The strace is the tool that helps in debugging issues by tracing system calls executed by a program. It is handy when you want to see how the program interacts with the operating system, like what system calls are executed in what order.
This simple yet very powerful tool is available for almost all the Linux based operating systems and can be used to debug a large number of programs.
1. Command Usage
Let's see how we can use strace command to trace the execution of a program.
In the simplest form, any command can follow strace. It will list a whole lot of system calls. Not all of it would make sence at first, but if you're really looking for something particular, then you should be able to figure something out of this output.
Lets see the system calls trace for simple ls command.
raghu@raghu-Linoxide ~ $ strace ls
This output shows the first few lines for strace command. The rest of the output is truncated.
The above part of the output shows the write system call where it outputs to STDOUT the current directory's listing. Following image shows the listing of the directoy by ls command (without strace).
raghu@raghu-Linoxide ~ $ ls
1.1 Find configuration file read by program
One use of strace (Except debugging some problem) is that you can find out which configuration files are read by a program. For example,
raghu@raghu-Linoxide ~ $ strace php 2>&1 | grep php.ini
1.2 Trace specific system call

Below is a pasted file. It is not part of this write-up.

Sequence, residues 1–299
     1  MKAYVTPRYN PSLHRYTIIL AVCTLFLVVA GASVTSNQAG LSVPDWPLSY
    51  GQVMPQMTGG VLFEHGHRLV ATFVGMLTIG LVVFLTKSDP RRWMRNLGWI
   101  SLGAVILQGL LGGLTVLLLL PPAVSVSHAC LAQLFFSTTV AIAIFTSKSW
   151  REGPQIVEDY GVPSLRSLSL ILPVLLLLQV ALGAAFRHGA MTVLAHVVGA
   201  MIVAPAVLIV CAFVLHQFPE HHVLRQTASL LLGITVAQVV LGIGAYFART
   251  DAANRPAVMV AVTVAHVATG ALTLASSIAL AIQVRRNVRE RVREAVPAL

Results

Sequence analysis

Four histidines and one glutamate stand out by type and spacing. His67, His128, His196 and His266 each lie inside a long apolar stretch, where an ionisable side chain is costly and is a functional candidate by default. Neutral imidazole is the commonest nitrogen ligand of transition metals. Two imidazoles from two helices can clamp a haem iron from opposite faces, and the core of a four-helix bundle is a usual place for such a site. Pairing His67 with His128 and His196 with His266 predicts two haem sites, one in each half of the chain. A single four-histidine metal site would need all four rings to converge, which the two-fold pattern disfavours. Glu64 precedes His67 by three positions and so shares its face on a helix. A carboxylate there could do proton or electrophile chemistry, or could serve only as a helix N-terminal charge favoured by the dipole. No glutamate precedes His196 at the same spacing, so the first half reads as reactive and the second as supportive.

The -e option to strace command can be used to display certain system calls only (for example, open, write etc.)
Lets trace only 'open' system call for cat command.
raghu@raghu-Linoxide ~ $ strace -e open cat dead.letter
1.3 Stracing a process
The strace command can not only be used on the commands, but also on the running processes with -p option.
raghu@raghu-Linoxide ~ $ sudo strace -p 1846
1.4 Statistical summary of strace
The summary of the system calls, time of execution, errors etc. can be displayed in a neat manner with -c option:
raghu@raghu-Linoxide ~ $ strace -c ls
1.5 Saving output
The output of strace command can be saved into a file with -o option.
raghu@raghu-Linoxide ~ $ sudo strace -o process_strace -p 3229
The above command is run with sudo as it will display error in case the user ID does not match with the process owner.
1.6 Displaying timestamp
The timestamp can be displayed before each output line with -t option.
raghu@raghu-Linoxide ~ $ strace -t ls
1.7 The Finer timestamp
The -tt option displays timestamp followed by microsecond.
raghu@raghu-Linoxide ~ $ strace -tt ls
The -ttt displays microseconds like above, but instead of printing surrent time, it displays the number of seconds since the epoch.
raghu@raghu-Linoxide ~ $ strace -ttt ls
1.8 Relative Time
The -r option displays the relative timestamp between the system calls.
raghu@raghu-Linoxide ~ $ strace -r ls